July 20th, 2024

Bikers bring smile to six-year-old girl battling rare disorder

By BRENDAN MILLER on June 18, 2024.

On Saturday more than 260 supporters raised money for six-year-old Hailey Bonville, who has been battling Rett syndrome since she was 18 months old, during the Ridin' For Kids Foundation's Ride for Rett syndrome. Hailey is pictured with her mother Vanessa outside Irvine Hotel on Saturday.--NEWS PHOTO BRENDAN MILLER


Hundreds of motorcyclists from across Alberta and parts of Saskatchewan hit the highway with their hogs, choppers and beasts to raise money for a six-year-old Medicine Hat girl who is battling a rare neurological disorder.

At the age of 18 months, Hailey Bonville was diagnosed with Rett syndrome, a genetic neurological and development disorder that causes progressive loss of motor skills and language. The disorder is considered rare and primarily affects females.

Due to her condition, Hailey in non-verbal and requires 24-hour care as she is prone to seizures. On May 23 paramedics were called to assist Hailey following a serious seizure.

Hailey’s father Alex says unfortunately many children who are diagnosed with Rett syndrome don’t live past the age of 20 years old.

“You have to be prepared for that and you have to wake up every morning to see her face ,and it’s a tough pill to swallow,” says Alex. “Every day it’s an absolute blessing to have her in this world.”

The ‘Ride for Rett Syndrome’ was held Saturday by Ridin’ for Kids Foundation to help raise money to purchase Hailey’s family a wheelchair-accessible van to make everyday tasks and long trips to the Children’s Hospital in Calgary easier.

Hailey is bound to a wheelchair and her condition leaves her with extreme troubles communicating, moving and walking. Hailey’s mother Vanessa says it’s often a difficult task to transport her daughter in their family vehicle.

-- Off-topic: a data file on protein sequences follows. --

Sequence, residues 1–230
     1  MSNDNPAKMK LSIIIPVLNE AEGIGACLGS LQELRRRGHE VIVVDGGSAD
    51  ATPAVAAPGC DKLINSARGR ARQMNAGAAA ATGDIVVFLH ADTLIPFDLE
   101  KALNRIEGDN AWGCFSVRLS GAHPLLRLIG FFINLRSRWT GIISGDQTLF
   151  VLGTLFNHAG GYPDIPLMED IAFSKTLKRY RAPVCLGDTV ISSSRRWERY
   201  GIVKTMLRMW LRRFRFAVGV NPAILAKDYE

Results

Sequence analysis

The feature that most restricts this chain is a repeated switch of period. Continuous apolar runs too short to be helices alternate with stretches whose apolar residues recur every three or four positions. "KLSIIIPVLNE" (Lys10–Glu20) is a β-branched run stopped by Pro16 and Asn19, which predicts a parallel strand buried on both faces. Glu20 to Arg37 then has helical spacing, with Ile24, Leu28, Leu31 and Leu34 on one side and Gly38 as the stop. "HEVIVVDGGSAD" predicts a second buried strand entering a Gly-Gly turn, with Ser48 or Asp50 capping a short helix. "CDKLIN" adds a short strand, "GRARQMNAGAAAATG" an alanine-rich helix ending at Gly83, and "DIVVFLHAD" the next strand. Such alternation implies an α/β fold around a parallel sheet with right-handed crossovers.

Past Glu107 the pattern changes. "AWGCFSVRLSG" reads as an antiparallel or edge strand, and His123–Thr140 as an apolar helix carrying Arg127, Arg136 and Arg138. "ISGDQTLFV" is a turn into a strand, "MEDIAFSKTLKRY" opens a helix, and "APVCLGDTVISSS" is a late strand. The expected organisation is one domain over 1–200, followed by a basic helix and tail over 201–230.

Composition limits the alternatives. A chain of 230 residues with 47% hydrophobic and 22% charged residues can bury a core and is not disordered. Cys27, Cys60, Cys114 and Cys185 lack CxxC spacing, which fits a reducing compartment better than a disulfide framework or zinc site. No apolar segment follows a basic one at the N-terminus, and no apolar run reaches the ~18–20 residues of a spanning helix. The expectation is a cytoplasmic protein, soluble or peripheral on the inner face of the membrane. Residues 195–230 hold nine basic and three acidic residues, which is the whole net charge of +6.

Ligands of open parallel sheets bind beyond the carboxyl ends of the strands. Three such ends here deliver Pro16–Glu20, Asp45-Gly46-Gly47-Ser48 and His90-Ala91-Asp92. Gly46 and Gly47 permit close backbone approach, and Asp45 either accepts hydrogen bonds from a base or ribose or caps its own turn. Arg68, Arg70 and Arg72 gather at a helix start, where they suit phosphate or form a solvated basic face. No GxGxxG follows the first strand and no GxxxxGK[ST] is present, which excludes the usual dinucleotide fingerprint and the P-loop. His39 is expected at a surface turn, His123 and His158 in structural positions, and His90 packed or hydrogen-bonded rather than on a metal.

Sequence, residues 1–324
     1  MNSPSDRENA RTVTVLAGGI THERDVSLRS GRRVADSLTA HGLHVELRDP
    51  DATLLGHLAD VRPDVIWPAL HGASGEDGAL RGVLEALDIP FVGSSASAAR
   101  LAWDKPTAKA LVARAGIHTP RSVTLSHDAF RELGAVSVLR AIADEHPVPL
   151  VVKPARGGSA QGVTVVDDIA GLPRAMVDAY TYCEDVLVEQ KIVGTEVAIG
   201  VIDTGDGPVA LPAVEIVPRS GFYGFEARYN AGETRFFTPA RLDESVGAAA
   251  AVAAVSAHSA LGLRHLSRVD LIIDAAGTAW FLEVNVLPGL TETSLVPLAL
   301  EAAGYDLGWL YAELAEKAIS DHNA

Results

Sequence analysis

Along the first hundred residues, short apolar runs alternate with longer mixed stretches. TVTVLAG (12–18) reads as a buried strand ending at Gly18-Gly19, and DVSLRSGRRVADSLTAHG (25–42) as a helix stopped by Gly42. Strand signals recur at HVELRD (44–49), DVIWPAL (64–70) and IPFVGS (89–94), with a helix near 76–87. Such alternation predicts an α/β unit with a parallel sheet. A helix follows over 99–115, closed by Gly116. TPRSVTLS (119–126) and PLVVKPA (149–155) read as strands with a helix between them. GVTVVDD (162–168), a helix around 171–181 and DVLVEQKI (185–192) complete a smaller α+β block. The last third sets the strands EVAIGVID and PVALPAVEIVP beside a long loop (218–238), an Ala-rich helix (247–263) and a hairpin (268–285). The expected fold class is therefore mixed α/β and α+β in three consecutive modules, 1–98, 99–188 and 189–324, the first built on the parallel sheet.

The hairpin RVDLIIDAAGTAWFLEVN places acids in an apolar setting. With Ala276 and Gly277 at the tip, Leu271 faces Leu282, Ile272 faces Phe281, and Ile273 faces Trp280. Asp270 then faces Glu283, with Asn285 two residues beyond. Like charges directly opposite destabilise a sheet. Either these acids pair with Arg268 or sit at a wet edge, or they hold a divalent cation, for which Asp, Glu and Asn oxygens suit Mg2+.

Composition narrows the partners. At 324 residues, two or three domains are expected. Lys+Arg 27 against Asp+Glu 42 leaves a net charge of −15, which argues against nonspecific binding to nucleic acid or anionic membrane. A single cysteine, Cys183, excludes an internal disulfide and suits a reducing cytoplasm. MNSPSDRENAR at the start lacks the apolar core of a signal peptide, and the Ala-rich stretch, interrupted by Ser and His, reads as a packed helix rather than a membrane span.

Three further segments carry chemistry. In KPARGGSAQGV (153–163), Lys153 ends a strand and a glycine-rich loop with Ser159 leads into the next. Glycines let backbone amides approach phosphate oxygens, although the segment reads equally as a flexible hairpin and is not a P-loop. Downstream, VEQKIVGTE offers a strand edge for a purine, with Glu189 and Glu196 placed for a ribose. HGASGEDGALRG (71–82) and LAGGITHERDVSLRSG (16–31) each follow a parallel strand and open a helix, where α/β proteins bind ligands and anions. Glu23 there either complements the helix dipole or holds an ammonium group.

“This accessible van will help because she’s really comfortable in her chair,” explains Alex. “And we can travel and we can go to the mountains, we can go sightseeing with Hannah (Hailey’s older sister) as well. The van is going to help substantially.”

Hailey also wears a back brace for scoliosis and receives proper support by sitting in her wheelchair.

“It is a physical challenge just going to different locations, just that in and out” says Vanessa. “So having an accessible van so we can actually wheel her out of the van and up into the house will be huge for her body and not put strain on her back.”

On Saturday morning, Hailey was the life of the party at the Irvine Hotel during a pancake breakfast before the ‘Ride for Rett Syndrome’ kicked off, as dozens of bikers wearing leather patches and sporting large beards and tattoos spent time talking with the six-year-old and her family.

“She is such a little social butterfly, she loves people and attention,” said Vanessa. “She does have some sensory issues with the sound and it being hot but despite it all she’s getting attention and she loves it.

“I think her knowing all these people are supporting her just brings out a smile.”

The nonprofit took a group photo of the all motorcyclists and the Bonville family before revving up their engines and hitting the highway for the day-long ride, which stopped in Bow Island, Hay Campground and the Tilley Hotel before arriving at DayzOff Pub for charity auction and live music.

At its peak organizers say more than 260 supporters participated in Saturday’s ride and the largest gathering of bikers occurred at the Tilley Hotel.

“We’re astounded and blessed and I can’t say enough that the community has come together,” said Alex. “Sincerely overwhelming, considering we never ask for help, we never get help, we just do what’s best for Hailey.”

“It’s a big community that’s coming together for a little girl with something huge,” said Vanessa. “So there have been many tears, all of the amazing messages that everyone has given for Hailey, all the support and the community coming together just riding for kids, such an amazing event and an amazing foundation.”

Ridin’ for Kids Foundation is a local non profit that works with school divisions as well as health services and the Make-A-Wish Foundation to host a life-changing bike-ride fundraiser for one child each Father’s Day weekend, and last year raised more than $42,000 to support Abbi Ulmer, who lives with complex regional pain syndrome.

This year organizers are calling the ride a “huge success” and would like to thank everyone who participated in the ‘Ride for Rett Syndrome,’ as well as businesses, companies and individuals that donated money or items for the silent auction.

On June 25 the nonprofit plans to present the grand total raised in this year’s ride to the Bonville family at the Irvine Hotel during its weekly Biker Tuesday Show & Shine.

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